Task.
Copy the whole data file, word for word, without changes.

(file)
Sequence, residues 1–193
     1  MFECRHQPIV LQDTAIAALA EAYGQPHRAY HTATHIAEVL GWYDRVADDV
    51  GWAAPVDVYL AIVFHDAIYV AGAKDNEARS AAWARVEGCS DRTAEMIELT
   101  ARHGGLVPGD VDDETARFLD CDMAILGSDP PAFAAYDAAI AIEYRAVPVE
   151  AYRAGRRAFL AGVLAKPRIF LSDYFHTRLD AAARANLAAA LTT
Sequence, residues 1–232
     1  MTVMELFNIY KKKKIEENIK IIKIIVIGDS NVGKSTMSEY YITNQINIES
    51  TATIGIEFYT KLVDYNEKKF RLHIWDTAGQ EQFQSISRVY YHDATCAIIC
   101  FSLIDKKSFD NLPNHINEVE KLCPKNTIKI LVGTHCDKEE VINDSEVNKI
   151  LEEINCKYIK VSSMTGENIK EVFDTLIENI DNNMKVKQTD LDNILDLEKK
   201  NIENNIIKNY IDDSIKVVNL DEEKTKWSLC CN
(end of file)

Sequence, residues 1–193
     1  MFECRHQPIV LQDTAIAALA EAYGQPHRAY HTATHIAEVL GWYDRVADDV
    51  GWAAPVDVYL AIVFHDAIYV AGAKDNEARS AAWARVEGCS DRTAEMIELT
   101  ARHGGLVPGD VDDETARFLD CDMAILGSDP PAFAAYDAAI AIEYRAVPVE
   151  AYRAGRRAFL AGVLAKPRIF LSDYFHTRLD AAARANLAAA LTT
Sequence, residues 1–232
     1  MTVMELFNIY KKKKIEENIK IIKIIVIGDS NVGKSTMSEY YITNQINIES
    51  TATIGIEFYT KLVDYNEKKF RLHIWDTAGQ EQFQSISRVY YHDATCAIIC
   101  FSLIDKKSFD NLPNHINEVE KLCPKNTIKI LVGTHCDKEE VINDSEVNKI
   151  LEEINCKYIK VSSMTGENIK EVFDTLIENI DNNMKVKQTD LDNILDLEKK
   201  NIENNIIKNY IDDSIKVVNL DEEKTKWSLC CN